But, Sir, I am told you are a famous mechanic as well as a looker-on, and therefore humbly propose you would invent some padlock, with full power under your hand and seal, for all modest persons, either men or women, to clap upon the mouths of all such impertinent impudent fellows: and I wish you would publish a proclamation that no modest person, who has a value for her countenance, and consequently would not be put out of it, presume to travel after such a day without one of them in their


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'I was the other day in company with five or six
men of some learning : where, chancing to mention
the famous verses which the Emperor Adrian spoke
on his death-bed, they were all agreed that it was a
piece of gaiety unworthy that prince in those cir-
cumstances. I could not but dissent from this opi-
nion. Methinks it was by no means a gay
serious soliloquy to his soul at the point of his de-
parture : in which sense I naturally took the verses
at my first reading them, when I was very young,
and before I knew what interpretation the world ge-
nerally put upon them.

Animula vagula, blandula,
Hospes comesque corporis,
Quæ nunc abibis in loca?
Pallidula, rigida, nudula,

Nec (ut soles) dabis joca !
6“ Alas, my soul; thou pleasing companion of this
body, thou fleeting thing that art now deserting it,
whither art thou flying? to what unknown' region?
Thou art all trembling, fearful, and pensive. Now
what is become of thy former wit and humour?
Thou shalt jest and be gay no more.”

'I confess I cannot apprehend where lies the trifling in all this; it is the most natural and obvious reflection imaginable to a dying man: and, if we consider the emperor was a heathen, that doubt concerning the future fate of his soul will seem so far from being the effect of want of thought, that it was scarce reasonable he should think otherwise : not to mention that here is a plain confession included of his belief in its immortality. The diminutive epithets of vagula, blandula, and the rest, appear not to me as expressions of levity, but rather of endearment and concern: such as we find in Catullus, and the authors of Hendecasyllabi after him, where they are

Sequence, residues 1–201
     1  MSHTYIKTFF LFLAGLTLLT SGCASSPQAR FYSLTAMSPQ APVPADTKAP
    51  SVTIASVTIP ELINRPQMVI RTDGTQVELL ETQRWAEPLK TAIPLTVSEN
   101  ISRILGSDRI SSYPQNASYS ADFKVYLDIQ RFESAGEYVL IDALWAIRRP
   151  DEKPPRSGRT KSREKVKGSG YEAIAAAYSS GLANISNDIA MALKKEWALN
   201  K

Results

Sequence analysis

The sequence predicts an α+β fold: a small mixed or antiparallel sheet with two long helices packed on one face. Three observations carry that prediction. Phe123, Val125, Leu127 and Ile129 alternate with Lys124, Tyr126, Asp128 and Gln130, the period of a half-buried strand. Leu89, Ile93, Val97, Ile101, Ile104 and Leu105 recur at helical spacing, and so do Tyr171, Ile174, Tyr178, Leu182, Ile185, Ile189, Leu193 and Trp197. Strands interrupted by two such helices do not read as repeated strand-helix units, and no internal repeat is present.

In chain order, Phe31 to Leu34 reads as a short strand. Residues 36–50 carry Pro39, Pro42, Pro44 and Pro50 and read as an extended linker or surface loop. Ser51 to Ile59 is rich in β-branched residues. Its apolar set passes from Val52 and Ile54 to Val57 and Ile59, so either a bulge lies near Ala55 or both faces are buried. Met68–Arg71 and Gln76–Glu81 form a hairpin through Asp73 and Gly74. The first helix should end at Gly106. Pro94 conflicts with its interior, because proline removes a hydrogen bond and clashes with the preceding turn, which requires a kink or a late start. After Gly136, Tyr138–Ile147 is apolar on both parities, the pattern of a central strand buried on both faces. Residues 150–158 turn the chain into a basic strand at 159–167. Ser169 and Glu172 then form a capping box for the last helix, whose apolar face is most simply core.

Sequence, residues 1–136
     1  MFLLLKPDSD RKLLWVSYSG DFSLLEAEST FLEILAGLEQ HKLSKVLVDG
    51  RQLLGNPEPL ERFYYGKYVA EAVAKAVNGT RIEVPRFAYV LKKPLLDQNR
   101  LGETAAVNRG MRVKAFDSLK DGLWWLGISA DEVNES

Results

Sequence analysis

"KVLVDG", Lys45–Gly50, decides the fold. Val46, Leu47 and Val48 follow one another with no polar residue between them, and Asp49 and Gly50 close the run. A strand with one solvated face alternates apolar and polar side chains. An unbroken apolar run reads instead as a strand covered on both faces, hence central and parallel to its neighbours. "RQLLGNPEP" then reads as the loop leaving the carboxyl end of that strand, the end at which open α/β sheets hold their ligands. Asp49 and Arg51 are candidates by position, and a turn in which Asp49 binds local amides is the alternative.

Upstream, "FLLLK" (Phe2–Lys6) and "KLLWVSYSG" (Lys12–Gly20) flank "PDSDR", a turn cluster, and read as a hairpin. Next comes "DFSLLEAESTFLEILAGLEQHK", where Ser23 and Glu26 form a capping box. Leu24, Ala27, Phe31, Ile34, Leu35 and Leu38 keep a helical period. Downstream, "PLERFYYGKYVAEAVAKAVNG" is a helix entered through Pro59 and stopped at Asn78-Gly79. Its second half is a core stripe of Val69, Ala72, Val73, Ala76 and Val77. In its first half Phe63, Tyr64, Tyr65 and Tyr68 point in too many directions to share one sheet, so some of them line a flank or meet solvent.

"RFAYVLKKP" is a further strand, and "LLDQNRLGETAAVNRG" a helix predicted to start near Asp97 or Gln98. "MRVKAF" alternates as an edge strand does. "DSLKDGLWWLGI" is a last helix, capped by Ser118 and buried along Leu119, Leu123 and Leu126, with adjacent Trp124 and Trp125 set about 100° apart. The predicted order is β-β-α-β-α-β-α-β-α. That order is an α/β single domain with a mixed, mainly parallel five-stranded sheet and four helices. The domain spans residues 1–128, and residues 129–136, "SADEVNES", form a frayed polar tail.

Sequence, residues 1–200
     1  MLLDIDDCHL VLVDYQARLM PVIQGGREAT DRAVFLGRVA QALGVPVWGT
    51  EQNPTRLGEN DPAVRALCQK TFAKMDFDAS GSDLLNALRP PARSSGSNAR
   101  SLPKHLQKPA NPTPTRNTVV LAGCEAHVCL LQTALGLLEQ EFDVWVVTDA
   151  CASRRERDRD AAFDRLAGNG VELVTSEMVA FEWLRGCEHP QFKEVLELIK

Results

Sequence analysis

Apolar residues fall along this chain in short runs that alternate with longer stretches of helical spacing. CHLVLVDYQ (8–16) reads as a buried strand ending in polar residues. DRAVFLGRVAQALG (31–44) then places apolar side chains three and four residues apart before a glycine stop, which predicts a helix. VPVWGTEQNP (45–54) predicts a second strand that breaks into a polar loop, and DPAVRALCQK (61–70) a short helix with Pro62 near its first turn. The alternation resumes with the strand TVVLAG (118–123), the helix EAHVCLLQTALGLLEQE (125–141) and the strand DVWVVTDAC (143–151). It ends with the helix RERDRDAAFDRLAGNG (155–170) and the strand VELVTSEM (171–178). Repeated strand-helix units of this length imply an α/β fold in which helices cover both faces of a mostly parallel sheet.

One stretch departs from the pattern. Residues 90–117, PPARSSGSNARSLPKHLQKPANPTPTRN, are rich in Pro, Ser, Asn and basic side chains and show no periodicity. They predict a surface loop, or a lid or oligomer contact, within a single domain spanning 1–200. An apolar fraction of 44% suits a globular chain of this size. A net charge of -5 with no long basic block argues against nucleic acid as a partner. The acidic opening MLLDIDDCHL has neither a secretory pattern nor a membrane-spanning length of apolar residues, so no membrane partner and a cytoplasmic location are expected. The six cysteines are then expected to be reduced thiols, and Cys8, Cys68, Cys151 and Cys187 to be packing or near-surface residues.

used to express the utmost love and tenderness for their mistresses. If you

think me right in my notion of the last words of Adrian, be pleased to insert this in the Spectator; if not, to suppress it.


In courts licentious, and a shameless stage,
How long the war shall wit with virtue wage ?
Enchanted by this prostituted fair,
Our youth run beadlong in the fatal snare;
In height of raptore clasp unheeded pains,
And sack pollution through their tingling veins.

Thy spotless thoughts unshocked the priest may hear,
And the pure vestal in her bosom wear.
To conscious blushes and diminished pride
Thy glass betrays what treach'rous love would hide ;
Nor harsh thy precepts, but, infus’d by stealth,
Please while they cure, and cheat us into health.
Thy works in Chloe's toilet gain a part,
And with his tailor share the fopling's heart:
Lash'd in thy satire the penurious cit
Laughs at bimself, and finds no harm in wit:
From felon gamesters the raw 'squire is free,
And Britain owes her rescu'd oaks to thee*.
His miss the frolic viscountt dreads to toast,
Or his third cure the shallow templar boast;
And the rash fool who scorn'd the beaten road,
Dares quake at thunder, and confess his God.

The brainless stripling, who, expellid to town,
Damn’d the stiff college and pedantic gown,
Aw'd by thy name is dumb, and thrice a week
Spells uncouth Latin, and pretends to Greek.
A saunt'ring tribe ! such, born to wide estates,
With yea' and 'no' in senates hold debates :
At length despis’d, each to his fields retires,
First with the dogs, and king amidst the 'squires ;
From pert to stupid sinks supinely down,
In youth a coxcomb, and in age a clown.

• Mr. Tickell here alludes to Steele's papers against the sharpers, &c. in the Tatler, and particularly to a letter in Tat. No. 73, signed Will Trusty, and written by Mr. Jobn Hughes.

Viscount Bolingbroke.